You Won’t Even Need To Dress Yourself In The Future — Thanks To Robots Like This
Chalk it up to a misspent youth watching The Jetsons if you want, but we’ve always kind of liked the idea of a home robot that can dress you in the morning. Forgot the mundane chore of pulling on our own pants and shirt; this is one job we’d happily hand over to machines without a second thought. Sadly, while cooking, cleaning, and even ironing robots are a real thing, breakthroughs involving dressing robots have been in disappointingly short supply.
We may not yet have gotten there, but research coming out of the Georgia Institute of Technology suggests that it’s not out of the question for the near future. Engineers at Georgia Tech have developed a robot that is able to assist users in putting on a hospital gown. Although it’s still at a very early stage — capable of just putting on a single sleeve of the gown — the technology it uses to do this is actually pretty darn smart.
“At a high level, we have taught the robot, a PR2, how to consider what people physically feel when receiving assistance,” Zackory Erickson, lead researcher on the project, told Digital Trends. “In a sense, the robot is able to take on a human’s perspective when providing dressing assistance. In doing so, we observed emergent behaviors in which the robot was able to fully dress a person’s arm and mitigate the chance of the garment getting caught on the person’s body.”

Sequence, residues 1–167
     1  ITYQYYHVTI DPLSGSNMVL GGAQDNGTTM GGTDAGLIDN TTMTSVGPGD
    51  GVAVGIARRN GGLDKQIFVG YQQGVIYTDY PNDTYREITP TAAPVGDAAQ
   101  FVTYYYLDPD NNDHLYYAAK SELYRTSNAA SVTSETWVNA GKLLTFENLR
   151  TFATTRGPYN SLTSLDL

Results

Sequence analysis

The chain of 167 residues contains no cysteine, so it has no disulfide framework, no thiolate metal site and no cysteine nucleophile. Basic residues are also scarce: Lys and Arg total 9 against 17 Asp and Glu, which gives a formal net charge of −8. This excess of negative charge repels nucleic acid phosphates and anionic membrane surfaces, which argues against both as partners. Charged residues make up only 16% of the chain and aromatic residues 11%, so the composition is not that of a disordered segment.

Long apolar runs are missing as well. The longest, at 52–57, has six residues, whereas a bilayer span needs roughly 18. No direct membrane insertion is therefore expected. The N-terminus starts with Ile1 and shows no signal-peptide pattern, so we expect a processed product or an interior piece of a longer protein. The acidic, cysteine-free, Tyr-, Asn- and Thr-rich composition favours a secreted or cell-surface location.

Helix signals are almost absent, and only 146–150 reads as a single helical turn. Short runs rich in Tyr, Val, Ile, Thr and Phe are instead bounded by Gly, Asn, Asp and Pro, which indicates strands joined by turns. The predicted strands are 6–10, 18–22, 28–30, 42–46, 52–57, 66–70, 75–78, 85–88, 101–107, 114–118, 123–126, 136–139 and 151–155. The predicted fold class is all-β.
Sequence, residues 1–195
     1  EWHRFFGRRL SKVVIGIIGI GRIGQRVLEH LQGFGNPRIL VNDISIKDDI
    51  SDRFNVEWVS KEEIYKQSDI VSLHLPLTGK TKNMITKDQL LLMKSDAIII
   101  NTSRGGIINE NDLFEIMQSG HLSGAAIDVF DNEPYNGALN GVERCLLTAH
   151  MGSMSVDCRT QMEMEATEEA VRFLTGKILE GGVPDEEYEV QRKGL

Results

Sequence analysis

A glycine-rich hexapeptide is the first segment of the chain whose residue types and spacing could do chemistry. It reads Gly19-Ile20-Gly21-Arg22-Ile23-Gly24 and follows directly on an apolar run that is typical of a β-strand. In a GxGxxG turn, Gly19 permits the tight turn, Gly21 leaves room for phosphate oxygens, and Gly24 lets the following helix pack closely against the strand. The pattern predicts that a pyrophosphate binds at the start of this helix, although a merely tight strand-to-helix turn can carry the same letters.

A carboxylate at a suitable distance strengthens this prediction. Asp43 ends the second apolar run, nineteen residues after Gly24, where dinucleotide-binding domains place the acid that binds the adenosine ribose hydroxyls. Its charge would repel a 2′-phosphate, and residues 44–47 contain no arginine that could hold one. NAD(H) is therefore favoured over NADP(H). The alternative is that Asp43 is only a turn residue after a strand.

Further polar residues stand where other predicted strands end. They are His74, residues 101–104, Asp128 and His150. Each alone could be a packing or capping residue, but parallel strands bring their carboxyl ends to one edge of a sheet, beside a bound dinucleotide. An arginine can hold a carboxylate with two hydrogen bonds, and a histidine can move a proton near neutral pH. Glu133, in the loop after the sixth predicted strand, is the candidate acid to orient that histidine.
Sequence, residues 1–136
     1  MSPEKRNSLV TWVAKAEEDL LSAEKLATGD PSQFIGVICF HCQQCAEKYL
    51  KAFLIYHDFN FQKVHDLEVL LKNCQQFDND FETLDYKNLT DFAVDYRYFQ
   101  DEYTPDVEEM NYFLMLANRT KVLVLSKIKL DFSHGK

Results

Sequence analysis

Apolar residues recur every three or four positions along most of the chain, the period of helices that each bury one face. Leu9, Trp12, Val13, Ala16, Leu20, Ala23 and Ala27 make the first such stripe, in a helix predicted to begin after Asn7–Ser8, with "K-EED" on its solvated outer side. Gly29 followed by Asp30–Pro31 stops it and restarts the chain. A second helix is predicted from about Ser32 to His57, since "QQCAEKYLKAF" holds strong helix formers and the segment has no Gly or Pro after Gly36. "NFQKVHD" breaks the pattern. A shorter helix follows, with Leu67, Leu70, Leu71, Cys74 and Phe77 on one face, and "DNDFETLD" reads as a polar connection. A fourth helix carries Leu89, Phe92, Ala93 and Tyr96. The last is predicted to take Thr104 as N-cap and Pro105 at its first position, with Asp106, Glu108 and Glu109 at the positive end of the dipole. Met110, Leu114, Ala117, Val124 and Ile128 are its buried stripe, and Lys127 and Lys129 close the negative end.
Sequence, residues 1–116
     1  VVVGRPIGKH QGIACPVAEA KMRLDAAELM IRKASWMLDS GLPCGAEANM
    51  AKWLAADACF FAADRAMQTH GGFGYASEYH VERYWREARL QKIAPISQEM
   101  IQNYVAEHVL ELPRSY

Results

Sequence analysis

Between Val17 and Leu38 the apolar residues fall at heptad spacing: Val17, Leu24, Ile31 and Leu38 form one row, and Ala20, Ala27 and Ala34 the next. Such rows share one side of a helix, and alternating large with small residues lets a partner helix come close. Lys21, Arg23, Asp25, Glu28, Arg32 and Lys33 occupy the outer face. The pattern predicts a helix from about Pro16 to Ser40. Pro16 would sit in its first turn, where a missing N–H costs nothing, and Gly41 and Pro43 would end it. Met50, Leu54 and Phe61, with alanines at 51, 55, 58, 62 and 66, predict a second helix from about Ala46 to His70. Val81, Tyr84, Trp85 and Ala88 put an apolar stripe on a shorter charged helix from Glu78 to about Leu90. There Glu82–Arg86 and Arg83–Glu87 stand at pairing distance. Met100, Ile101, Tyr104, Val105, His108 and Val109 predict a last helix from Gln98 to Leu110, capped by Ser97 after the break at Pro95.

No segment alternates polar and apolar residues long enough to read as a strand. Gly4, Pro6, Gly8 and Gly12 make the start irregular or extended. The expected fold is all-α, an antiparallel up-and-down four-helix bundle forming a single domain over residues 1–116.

The robot learned to perform the task by carrying out thousands of virtual dressing attempts using a physics-based simulation. By making mistakes, the robot was able to learn from scenarios such as cloth getting caught on a body part without putting users at risk — or, in the real world, making you suffer through thousands of mornings of failed dressing scenarios before the robot finally works correctly. From this simulation, the robot’s recurrent neural networks were trained to estimate the forces a garment exerts onto a person during dressing.
Rather than relying on vision, the robot uses haptics to predict how clothing will interact with a person’s body during assistance. That’s because clothing typically hides a person’s body, and therefore makes it difficult for a robot to see what is happening.
“Robot-assisted dressing is an application that merits investigation due to the number of people who could benefit from it,” Professor Charlie Kemp told DT. “We’re making progress, but there is still much to be done. In the meantime, we’re optimistic that aspects of our work will be broadly applicable.”
For now, the researchers are continuing to work with PR2 — including simulated demonstrations showing how it could be used to put on a person’s T-shirt, shoes, and even a cardigan.